The truth about college admissions

November 27, 2008 A while back, I came across an article that I put in the KIV pile to read in my head, and forgot about it, until this week. Re-reading it, I thought it the most helpful piece of advice I’d ever seen given on college admissions, so here it is … read it at this link

The Truth About College Admissions by Jack Scheidell

… or you can read my summary of his important tips to know about getting admitted to college.

First up. Scheidell frames the question thus: Q: How to become a desirable candidate in the eyes of admissions officers?

1. In other words, think of yourself going on a first date. Your first goal is to stand out and you can do this by offering something that the college may need that other equally talented students can’t give, Schneidell suggests playing an obscure instrument for the school orchestra would do the trick.

2. Show passion and focus. Schools will respond to this. Sometimes, to show passion you need to try early admissions, apply early, indicate your keen interest for a school and that it was your first choice.

3. No need to join every extracurricular activity. If you’ve watched the Gilmore Girls then you would have gotten that idea watching preppy school girls run themselves to the ground trying to chalk up more extracurricular extras before trying out for Ivy League schools. Instead, it would be better to show devote considerable time to the pursuit of just one or two genuine interests, and that activity and time spent should indicate “passion” and “resonate with that individual”. Don’t just volunteer for something just because it’ll look good on paper.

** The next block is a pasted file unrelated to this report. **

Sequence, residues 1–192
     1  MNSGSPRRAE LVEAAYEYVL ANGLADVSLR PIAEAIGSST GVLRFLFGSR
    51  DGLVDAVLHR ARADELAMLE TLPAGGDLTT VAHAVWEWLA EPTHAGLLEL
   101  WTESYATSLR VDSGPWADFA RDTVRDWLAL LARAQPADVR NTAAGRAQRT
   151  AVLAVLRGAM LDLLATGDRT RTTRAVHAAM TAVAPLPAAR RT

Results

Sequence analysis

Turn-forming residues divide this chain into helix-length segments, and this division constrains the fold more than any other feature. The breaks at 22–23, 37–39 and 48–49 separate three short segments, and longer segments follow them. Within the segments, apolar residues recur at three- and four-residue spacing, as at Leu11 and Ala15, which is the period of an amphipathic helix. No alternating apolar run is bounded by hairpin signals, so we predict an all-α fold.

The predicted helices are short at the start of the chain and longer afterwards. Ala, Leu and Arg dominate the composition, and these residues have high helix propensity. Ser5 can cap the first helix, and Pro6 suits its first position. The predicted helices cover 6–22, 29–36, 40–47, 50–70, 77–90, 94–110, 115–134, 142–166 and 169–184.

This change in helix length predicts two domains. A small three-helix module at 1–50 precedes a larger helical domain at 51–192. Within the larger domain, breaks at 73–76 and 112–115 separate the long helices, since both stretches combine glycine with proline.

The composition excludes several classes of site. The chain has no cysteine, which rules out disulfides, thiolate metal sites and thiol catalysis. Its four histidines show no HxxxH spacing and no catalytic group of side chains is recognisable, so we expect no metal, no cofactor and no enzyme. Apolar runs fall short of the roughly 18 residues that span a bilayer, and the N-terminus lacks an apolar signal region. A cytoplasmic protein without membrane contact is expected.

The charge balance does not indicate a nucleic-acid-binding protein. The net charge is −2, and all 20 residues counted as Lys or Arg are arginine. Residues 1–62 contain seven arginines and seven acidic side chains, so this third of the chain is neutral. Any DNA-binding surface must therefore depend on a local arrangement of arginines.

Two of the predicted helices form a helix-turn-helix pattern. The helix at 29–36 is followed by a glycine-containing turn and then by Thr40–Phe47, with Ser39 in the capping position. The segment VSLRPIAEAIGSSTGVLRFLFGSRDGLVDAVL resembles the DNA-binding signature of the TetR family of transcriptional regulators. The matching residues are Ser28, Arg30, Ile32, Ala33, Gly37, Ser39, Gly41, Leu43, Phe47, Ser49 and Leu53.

4. Quoting Christof Guttentag, the head of admissions at Duke University in Durham, N.C. who said “When colleges admit students, it’s not that they are also rewarding academic accomplishment, but they are building a community…”. Be active participants in your community.

5. Know that good grades and good SATs aren’t enough. They serve only to get you “into the ‘maybe pile.’ Remember ”it’s all about who you are and what you bring” to the school.

6. Provide a “hook.” The great GPA, stellar test scores and the editing of the yearbook apparently fall into the dime-a-dozen category of common students. Admissions officers would be more impressed with ”more unusual achievements” such as a ”national equestrian champion” or “someone who began a Big Brothers/Big Sisters chapter or demonstrated entrepreneurial skills)”. The “star athlete who also happens to be a superb student” will go to the front of the line.

7. Don’t peg your “round” self into a square hole…into a category in which you don’t fit. Come across as genuine.

8. Be realistic and know who and what you are up against. The article says that “need-blind admissions is a myth” and the reality is that “Schools are trying to fill their classes with the largest number of students possible that satisfy diversity criteria and max out the number of students who can afford to pay.” So you really will have to be exceptional or outstanding if you are going to edge out that would-be fee-paying student.

9. Most importantly, the article advises “Figure out what you love to do. If you like fashion and old movies, pursue those things. It’s OK to be the fashion kid who likes old movies.”

10. And then advice for those who may have to swallow the bitter-pill of disappointment, “maybe then the most important lesson about the college admissions process is learning to put rejection behind you. “ Know that if you fail to get in, it has nothing to do with your lack of intelligence.

September 29, 2007 Source:

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